Between 1903 and 1908, all of the class M engines were re-built with new cylinders and piston valves. This time the piston valves were located above the cylinders. These rebuilds allowed superheated boilers to be fitted, and superheaters were fitted to the class between 1914 and 1929.

The new cylinders and piston valves were also fitted to the class Q engines from October 1913, and was completed in 1930. Unlike the class M engines, most of the class Q engines received superheaters at the same time as the piston valves. However there were a few exceptions, and the last class Q was superheated in 1931. 18-element Schmidt superheaters were used for both the M and Q class boilers.

Although the NER classed the M and Q as different locomotives classes, in reality they were very similar locomotives after they had been rebuilt with piston valves. Initially the LNER planned to use the D16 classification for the class M locomotives, but with the Great Eastern Railway (GER’s) ongoing construction of the first Super Claud, it was decided to give the Super Clauds the classification of D16 and to combine the NER class M and Q locomotives into class D17. Class M became sub-class D17/1, and class Q became sub-class D17/2. The most significant visual difference between the two sub-classes was the shape of the main frames. The D17/1 engines had a downward reverse curve in the top profile behind the smokebox. The D17/2 engines had frames which were slightly lower behind the smokebox, and there was a single downward sweep.

All of the D17 boilers were built with Ramsbottom safety valves, with the exception of the last batch of fourteen replacement boilers (built in 1927-9) which were fitted with Ross pop safety valves. Hence most of the D17s did not receive LNER-standard Ross pop valves, and the last D17 to be withdrawn (62111) still had Ramsbottom valves fitted.

Both the class M1 and class Q engines were built to haul express passenger services on the East Coast main line, and were initially put to work hauling the York to Edinburgh stretch of the newly introduced 2:30pm dining trains. This required four engines to operate the service in both directions, due to the need to switch locomotives at Newcastle. Allocations were to St. Margaret’s, Newcastle, and York. These locomotives were heavily used during the 1895 Race to the North.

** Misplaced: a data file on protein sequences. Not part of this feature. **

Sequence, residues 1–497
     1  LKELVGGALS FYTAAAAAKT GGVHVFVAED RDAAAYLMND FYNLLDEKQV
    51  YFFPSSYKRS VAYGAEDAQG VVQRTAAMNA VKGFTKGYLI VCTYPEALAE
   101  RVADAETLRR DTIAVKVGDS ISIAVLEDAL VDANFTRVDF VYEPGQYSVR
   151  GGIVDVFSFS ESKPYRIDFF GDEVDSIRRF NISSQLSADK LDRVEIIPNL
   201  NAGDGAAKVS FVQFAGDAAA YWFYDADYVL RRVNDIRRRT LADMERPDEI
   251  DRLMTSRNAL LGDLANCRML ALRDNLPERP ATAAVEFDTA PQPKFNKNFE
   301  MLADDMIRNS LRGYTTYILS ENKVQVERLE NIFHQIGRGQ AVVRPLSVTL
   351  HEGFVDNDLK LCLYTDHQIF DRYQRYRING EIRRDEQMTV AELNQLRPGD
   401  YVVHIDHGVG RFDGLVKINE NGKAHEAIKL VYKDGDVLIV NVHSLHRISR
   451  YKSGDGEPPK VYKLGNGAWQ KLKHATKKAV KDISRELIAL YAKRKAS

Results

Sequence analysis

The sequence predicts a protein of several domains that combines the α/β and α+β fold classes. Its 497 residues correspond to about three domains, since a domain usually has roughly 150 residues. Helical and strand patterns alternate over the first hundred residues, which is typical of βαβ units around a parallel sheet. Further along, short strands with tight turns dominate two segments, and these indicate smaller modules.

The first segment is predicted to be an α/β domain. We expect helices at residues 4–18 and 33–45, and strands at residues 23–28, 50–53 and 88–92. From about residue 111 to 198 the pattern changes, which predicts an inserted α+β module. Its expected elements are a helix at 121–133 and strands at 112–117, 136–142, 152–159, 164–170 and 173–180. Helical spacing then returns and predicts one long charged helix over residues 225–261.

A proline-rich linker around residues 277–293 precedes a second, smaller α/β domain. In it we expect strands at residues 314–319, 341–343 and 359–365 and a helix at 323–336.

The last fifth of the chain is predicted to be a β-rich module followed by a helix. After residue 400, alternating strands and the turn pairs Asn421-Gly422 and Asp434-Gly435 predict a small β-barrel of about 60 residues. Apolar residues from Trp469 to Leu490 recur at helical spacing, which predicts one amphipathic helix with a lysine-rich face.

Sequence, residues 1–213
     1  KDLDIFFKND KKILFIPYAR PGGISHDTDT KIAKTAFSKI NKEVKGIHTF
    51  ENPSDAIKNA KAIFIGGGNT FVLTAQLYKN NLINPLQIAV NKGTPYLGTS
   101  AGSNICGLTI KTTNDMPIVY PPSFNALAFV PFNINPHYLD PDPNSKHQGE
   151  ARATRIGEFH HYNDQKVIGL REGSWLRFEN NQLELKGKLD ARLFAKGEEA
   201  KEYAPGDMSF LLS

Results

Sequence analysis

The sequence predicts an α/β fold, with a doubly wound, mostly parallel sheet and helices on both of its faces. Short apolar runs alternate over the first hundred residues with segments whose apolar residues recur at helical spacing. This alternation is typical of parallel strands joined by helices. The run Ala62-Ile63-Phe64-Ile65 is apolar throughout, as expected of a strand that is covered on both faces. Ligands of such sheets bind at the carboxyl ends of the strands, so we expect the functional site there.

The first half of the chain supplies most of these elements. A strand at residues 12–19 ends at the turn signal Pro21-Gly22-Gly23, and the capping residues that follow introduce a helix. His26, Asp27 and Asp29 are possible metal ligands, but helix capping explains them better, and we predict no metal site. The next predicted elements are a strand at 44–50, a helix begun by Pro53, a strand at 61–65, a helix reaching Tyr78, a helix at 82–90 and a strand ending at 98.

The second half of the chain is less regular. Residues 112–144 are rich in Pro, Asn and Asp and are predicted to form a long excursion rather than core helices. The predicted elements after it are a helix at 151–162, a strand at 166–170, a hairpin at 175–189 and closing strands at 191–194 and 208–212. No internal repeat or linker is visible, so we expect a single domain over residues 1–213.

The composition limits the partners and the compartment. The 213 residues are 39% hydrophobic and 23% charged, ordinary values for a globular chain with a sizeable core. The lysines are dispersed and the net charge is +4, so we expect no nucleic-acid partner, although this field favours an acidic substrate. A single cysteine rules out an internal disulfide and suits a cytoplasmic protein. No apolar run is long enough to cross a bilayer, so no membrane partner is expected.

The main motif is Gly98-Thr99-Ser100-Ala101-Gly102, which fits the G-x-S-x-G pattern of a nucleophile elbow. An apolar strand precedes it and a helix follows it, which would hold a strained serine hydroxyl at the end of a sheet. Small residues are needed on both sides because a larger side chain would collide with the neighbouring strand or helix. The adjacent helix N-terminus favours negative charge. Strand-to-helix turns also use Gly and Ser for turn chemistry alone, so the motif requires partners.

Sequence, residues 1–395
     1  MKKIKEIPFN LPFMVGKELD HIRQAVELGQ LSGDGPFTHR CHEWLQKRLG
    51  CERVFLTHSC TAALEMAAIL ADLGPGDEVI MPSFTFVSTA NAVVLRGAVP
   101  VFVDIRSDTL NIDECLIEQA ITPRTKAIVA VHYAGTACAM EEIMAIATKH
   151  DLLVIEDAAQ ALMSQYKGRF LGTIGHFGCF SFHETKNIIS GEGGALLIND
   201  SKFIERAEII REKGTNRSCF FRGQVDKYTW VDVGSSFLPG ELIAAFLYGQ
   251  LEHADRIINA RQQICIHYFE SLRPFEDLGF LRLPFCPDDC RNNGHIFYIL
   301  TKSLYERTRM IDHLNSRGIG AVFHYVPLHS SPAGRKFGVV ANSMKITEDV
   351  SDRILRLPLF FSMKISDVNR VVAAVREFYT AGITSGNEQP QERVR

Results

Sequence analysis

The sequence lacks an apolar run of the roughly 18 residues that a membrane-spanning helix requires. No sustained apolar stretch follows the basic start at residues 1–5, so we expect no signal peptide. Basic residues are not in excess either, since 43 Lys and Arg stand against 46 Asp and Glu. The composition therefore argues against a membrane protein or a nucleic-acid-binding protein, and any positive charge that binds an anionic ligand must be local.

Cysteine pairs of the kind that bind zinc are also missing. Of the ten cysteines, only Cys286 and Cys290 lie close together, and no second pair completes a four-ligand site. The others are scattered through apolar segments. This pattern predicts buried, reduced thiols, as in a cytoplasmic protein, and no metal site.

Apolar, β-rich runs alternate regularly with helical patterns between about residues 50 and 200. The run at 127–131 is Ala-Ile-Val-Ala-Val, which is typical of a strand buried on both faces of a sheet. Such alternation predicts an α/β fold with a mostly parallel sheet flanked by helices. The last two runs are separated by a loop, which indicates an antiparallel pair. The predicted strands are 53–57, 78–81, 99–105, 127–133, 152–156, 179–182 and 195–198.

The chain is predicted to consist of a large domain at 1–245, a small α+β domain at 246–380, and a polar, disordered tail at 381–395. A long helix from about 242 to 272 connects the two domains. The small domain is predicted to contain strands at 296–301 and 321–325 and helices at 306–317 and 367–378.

During the final week of the 1895 Race to the North, the train was reduced from 120 tons to 105 tons. On the final night, 1621 ran from York to Newcastle in 78½ minutes at an average speed of 61½ mph and 1620 thence to Edinburgh at an average speed of 66 mph, the time of 113 minutes for the 124¼ miles remaining a record for a long time afterwards. Even the schedule of the high speed Coronation train introduced in 1935 allowed 120 minutes for this section. It is generally assumed that the driver only managed this time by ignoring speed restrictions on curves at Morpeth, Alnmouth, and Portobello; and a 5mph limit through Berwick station.

The class Q engines generally displaced the class M1 engines from the very best of the top jobs, but both could be found working alongside each other on the main line. Three years later, the new D20s displaced both the Q and M1 class engines from many of their main line duties. Between 1910 and 1918, the even larger C6 and C7 atlantics were introduced, further displacing all of the NER’s 4-4-0s (including the Q and M classes) to lesser duties. By 1920, only half of the class Q and M engines remained at main line sheds. Gateshead and Botanic Gardens (Hull) both had significant allocations for semi-fast and stopping services.